|Year : 2016 | Volume
| Issue : 1 | Page : 29-33
Consequence of neo-adjuvant chemotherapy on morphology of breast carcinoma: A systematic evaluation
S Chakrabarti1, PK Mandal2, A Roy Chowdhury3, S Das3
1 Department of Pathology, ESI PGIMSR, Manicktala, West Bengal, India
2 Department of Hematology, NRS Medical College and Hospital, Kolkata, West Bengal, India
3 RG Kar Medical College, Kolkata, West Bengal, India
|Date of Web Publication||28-Apr-2016|
Department of Pathology, ESI PGIMSR, Manicktala, West Bengal
Source of Support: None, Conflict of Interest: None
Background: Neo-adjuvant chemotherapy (NAC) in locally advanced breast cancer is the present trend. Following NAC, a considerable alteration of morphology occurs in the tumor. Aims: To study effects of NAC on morphology of breast carcinoma and to evaluate the pathologic response (PR).Materials and Methods: A total of 39 surgically resected mastectomy specimens of patients of invasive locally advanced breast carcinoma who received NAC were evaluated for macroscopic and microscopic (by routine stains and immunohistochemistry) alteration of morphology. Results: Macroscopically well-defined tumor noted in 25 cases (64.1%) and in the rest (14 cases, 35.9%), only fibrotic areas identified. Microscopic examination identified malignant cells in 29 (74.4%), significant chronic inflammation in 24 (61.5%), hyalinized fibrosed stroma in 25 (64.1%) and necrosis in 11 (28.2%) cases. Immunohistochemistry assisted in differentiating malignant cells from histiocytes. In 15 cases (38.5%), axillary lymph nodes isolated where fibrosis seen in 12 (30.8%) and malignant cell in 8 (20.5%) cases. In 34 cases where the pre-treatment biopsy were available, complete pathologic response (pCR) and partial pathologic response (pPR) were achieved in 7 (20.6%) and 23 (67.4%) cases respectively. Discussion: Protocol of systematic evaluation of morphological changes is different in cases of a patient treated by NAC. Nature of malignancy was difficult to categorize as morphology of typical breast carcinomas were altered. Sometimes, immunohistochemistry is advantageous as routine H and E stains are not sufficient to isolate malignant cells in fibrotic and necrotic areas. Appropriate morphological evaluation of the mastectomy specimen is absolutely crucial for assessment of PR and subsequent management.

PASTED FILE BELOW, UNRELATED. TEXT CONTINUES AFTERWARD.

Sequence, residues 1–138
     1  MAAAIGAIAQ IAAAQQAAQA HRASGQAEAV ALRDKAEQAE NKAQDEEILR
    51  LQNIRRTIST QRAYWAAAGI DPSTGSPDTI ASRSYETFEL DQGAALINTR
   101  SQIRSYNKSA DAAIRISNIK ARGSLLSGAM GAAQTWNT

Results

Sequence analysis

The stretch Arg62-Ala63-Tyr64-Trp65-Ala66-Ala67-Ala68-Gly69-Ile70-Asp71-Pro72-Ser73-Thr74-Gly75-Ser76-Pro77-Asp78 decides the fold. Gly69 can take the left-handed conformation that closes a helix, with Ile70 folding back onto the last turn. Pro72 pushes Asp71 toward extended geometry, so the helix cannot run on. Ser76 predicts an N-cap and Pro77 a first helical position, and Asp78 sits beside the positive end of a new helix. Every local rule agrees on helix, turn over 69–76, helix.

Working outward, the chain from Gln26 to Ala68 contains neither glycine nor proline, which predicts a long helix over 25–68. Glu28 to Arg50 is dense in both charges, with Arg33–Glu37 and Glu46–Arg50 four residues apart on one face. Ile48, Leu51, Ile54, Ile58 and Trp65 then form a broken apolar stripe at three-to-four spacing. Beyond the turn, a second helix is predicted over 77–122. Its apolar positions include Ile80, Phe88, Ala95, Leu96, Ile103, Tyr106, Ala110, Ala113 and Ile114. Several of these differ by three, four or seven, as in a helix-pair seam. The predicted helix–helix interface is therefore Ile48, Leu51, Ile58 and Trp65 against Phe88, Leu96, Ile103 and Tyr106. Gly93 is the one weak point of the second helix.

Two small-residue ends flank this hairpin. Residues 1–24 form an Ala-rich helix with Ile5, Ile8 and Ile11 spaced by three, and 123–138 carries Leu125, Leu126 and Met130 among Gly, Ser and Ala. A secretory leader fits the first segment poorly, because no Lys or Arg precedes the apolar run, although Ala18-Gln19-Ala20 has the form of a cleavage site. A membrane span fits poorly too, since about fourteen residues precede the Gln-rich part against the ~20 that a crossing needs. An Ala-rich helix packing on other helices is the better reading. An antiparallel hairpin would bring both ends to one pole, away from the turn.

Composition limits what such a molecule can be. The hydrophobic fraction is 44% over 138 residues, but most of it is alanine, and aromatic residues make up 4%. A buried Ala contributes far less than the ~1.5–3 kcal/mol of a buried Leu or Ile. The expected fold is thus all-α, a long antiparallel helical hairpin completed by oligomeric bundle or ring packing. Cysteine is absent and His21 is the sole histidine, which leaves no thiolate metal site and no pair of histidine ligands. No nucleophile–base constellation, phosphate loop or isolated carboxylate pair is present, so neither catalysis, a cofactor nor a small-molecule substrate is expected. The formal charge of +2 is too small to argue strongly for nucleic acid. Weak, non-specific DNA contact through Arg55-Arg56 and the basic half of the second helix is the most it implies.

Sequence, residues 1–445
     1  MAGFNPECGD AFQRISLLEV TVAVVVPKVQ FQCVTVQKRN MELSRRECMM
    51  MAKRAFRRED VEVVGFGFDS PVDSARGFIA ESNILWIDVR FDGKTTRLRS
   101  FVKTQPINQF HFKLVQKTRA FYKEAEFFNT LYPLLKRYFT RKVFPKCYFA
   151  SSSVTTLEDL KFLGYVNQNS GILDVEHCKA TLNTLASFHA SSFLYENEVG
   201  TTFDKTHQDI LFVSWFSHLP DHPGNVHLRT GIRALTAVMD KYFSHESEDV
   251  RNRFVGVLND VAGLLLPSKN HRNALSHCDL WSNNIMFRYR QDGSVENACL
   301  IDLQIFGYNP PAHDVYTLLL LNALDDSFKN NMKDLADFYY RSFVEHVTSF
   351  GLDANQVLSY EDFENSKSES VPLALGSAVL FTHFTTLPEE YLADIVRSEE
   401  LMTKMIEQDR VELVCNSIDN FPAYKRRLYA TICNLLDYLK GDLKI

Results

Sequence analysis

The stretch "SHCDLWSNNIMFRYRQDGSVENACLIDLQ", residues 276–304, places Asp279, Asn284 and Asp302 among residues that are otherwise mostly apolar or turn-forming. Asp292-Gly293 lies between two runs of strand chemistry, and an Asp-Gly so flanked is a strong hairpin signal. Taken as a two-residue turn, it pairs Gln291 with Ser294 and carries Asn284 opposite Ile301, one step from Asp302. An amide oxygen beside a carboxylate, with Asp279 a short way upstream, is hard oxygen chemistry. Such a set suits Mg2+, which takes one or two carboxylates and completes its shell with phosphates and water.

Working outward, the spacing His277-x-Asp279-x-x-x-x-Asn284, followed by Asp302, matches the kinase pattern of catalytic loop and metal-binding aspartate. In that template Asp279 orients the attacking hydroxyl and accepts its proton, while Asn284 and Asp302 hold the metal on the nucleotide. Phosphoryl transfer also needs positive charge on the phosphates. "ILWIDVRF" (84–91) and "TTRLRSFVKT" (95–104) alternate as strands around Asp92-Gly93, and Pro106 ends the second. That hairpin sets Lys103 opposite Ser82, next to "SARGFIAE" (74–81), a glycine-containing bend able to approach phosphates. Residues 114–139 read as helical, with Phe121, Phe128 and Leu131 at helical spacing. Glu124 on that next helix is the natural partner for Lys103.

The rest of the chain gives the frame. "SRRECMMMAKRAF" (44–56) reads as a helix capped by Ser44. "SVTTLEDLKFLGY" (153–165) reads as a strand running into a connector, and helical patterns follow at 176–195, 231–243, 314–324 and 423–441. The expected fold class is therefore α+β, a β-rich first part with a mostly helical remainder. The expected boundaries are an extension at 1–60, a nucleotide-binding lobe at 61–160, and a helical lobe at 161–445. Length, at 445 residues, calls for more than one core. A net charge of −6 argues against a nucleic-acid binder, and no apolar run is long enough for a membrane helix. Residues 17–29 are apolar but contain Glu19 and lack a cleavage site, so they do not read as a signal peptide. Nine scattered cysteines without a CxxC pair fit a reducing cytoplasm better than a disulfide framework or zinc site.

Keywords: Breast carcinoma, histopathology, morphology, neo-adjuvant chemotherapy, pathologic response
|How to cite this article:|
Chakrabarti S, Mandal P K, Chowdhury A R, Das S. Consequence of neo-adjuvant chemotherapy on morphology of breast carcinoma: A systematic evaluation. Indian J Cancer 2016;53:29-33
|How to cite this URL:|
Chakrabarti S, Mandal P K, Chowdhury A R, Das S. Consequence of neo-adjuvant chemotherapy on morphology of breast carcinoma: A systematic evaluation. Indian J Cancer [serial online] 2016 [cited 2019 Dec 12];53:29-33. Available from: http://www.indianjcancer.com/text.asp?2016/53/1/29/180850
| » Introduction|| |
Neo-adjuvant chemotherapy (NAC) is being increasingly offered to patients with primary breast cancer. NAC is was pioneered in the setting of locally advanced breast cancer (LABC) and is currently the standard of care for treatment in such condition.